Recap: 3 Lessons of 2021 as we take on 2022

Updated: Jan 2

Let's just address it... 2021 was not a great year for many. COVID continued -- and it continued to take lives. It continued to take away our sense of normalcy. It continued to cause division among people as the vaccinations rolled out. I've heard a lot of heartache from my patients and my friends about their experiences in 2021. Overall, I think it was just a hard year.


For a better 2022, here are the 3 lessons that I came out of the last year.


Nothing ever will go as you plan and expect it to.

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On a personal note, I started out this year with a teaching position and a new business. I had dreams of starting a residency program for nurse practitioners, buying a property, etc. I was stoked. Then I found out that I was pregnant and my plans had to shift. I planned a home birth, but then I hemorrhaged and ended up in the hospital. I planned to breastfeed a happy, healthy baby. My baby was premature and has significant health issues which have put me on a total elimination diet of eating quinoa, broccoli and salt daily. And nothing else. I had to cancel our Thanksgiving and every food-related celebration to keep my daughter healthy.


I didn't expect to hire a new nurse practitioner at Paperflower (Hi Jon!), and I certainly didn't anticipate this practice to expand as much as it has. It's been a complete honor, and also very difficult for me to try to balance as I am also learning to be a mother.


I didn't expect COVID to continue. I didn't expect that my dreams to travel would go away.


I also didn't expect that I would love being a mom so much. I didn't expect that I would find so much joy and love in teaching or that I would even be effective at it. I didn't expect to meet and connect with a lot of the people I have this year, which I am very grateful for.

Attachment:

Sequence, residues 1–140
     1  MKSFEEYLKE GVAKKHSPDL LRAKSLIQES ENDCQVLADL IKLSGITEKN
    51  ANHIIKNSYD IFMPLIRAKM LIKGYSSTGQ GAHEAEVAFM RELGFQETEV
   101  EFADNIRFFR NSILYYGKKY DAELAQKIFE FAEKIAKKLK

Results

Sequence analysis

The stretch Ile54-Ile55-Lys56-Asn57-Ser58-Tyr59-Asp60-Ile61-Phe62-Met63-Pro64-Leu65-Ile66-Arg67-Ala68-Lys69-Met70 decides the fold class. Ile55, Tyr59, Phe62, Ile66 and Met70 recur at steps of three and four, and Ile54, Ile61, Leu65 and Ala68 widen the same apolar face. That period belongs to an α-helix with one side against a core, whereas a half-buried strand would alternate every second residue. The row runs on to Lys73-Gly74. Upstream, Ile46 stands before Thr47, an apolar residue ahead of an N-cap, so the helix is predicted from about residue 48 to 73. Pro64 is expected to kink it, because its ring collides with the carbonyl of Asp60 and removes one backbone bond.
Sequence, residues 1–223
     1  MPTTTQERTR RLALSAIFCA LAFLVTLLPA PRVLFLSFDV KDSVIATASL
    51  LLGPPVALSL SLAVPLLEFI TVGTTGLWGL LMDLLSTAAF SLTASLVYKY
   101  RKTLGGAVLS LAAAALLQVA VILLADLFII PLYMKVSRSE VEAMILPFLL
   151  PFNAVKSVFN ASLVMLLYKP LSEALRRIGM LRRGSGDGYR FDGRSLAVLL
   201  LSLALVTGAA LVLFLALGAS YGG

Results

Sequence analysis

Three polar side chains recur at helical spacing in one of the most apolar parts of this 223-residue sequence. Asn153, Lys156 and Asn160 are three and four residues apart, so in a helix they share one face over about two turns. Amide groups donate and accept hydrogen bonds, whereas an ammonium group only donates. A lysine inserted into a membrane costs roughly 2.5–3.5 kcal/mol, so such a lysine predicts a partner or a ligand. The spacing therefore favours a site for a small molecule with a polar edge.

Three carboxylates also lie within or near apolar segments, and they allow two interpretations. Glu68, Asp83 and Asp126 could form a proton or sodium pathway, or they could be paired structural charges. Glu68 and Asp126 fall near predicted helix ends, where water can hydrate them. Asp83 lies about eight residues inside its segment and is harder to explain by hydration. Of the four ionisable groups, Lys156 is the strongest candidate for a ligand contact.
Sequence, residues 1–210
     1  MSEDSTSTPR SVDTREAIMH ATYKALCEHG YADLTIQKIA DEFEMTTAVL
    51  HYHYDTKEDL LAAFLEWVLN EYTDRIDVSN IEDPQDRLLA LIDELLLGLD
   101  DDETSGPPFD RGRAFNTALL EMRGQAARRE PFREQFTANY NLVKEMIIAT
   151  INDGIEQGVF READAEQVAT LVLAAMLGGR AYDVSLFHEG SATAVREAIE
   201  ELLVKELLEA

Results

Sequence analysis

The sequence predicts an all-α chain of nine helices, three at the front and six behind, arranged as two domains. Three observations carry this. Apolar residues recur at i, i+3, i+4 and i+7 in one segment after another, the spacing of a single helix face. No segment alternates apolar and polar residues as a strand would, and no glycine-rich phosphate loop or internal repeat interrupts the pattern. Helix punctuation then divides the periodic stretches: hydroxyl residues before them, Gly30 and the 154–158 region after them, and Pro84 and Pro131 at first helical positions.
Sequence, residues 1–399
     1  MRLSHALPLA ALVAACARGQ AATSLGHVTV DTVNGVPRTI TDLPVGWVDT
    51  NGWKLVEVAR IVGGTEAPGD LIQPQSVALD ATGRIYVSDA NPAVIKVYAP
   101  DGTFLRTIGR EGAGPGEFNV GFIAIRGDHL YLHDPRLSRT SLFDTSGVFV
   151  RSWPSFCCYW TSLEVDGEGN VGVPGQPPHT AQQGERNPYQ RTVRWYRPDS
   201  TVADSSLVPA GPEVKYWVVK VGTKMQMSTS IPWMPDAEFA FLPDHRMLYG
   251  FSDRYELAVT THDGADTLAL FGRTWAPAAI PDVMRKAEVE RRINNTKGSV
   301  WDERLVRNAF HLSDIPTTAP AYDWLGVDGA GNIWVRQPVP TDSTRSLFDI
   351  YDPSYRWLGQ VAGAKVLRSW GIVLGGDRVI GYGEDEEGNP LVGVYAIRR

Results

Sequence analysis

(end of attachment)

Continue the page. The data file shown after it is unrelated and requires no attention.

As a person who absolutely hates surprises and loves planning things in advance.. I've really learned the art of flexibility.


Flexibility is key.


There is more to life than work, and it's important to acknowledge this.


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A lot of us are swept up in our jobs, careers and aspirations. My entire life has been focused on obtaining my education, becoming a proficient practitioner and reaching my goals. Sometimes I'd become so engrossed, I'd really lose time. My life looked a lot like: wake up, go to work, come home, eat, sleep, do it again. When I started this practice, I put an ungodly amount of hours into planning, website building, networking, marketing, learning insurance, and while it was worth it, I lost a lot of precious time.


The birth of my daughter has highlighted the importance of slowing down and becoming mindful of the now. Even in the moments when everything sucks, I want to be present. I don't want to be planning my next project, reliving my workday, being stuck on my computer neurotically answering every email, calling people and reviewing labs all night.

For many of us, COVID has probably shown us the importance of separating home and work life. A lot of us began to work from home which reduced commute times and pushed us to evaluate our workflow within our homes. This gave many of us the opportunity to draw a solid line between our home life and our work-at-home life.

Boundaries between work life and home life are necessary.

People are incredibly resilient.


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I'm constantly in awe of the strength and generosity of the people I encounter. This year, in particular, I have met a lot of people who have really touched me. I've had patients who have lived through and survived circumstances that would have crippled most people and here they are, thriving. I've been able to watch patients grow and progress and pursue their dreams. I've watched friends overcome adversity. I've met students who have overcome so much to be the first in their families to have a college education.


I've met people who would give anything to help others.


I've performed evaluations for people who have overcome torture, kidnappings, beatings, and/or crossed deserts with no food or water and made it to this country to fight for their lives for safety and asylum.


I've watched my little baby come into a world that has not been kind to her -- and here she is, growing and smiling. I've been reached out to and supported in my hardest moments by strangers, patients and friends.


Sometimes it's easy to look around you and feel hopeless. There are so many negative, horrible things going on. But there is so much light, too.


It just takes hearing someone else's story to humble yourself and remember how incredible people can be. It's amazing how much we can overcome.


I'm very grateful that my job allows me to do this every... single... day.


At the end of it all, I'm really not bummed to see 2021 go.


Here's to hoping for a solid 2022 for all of us.



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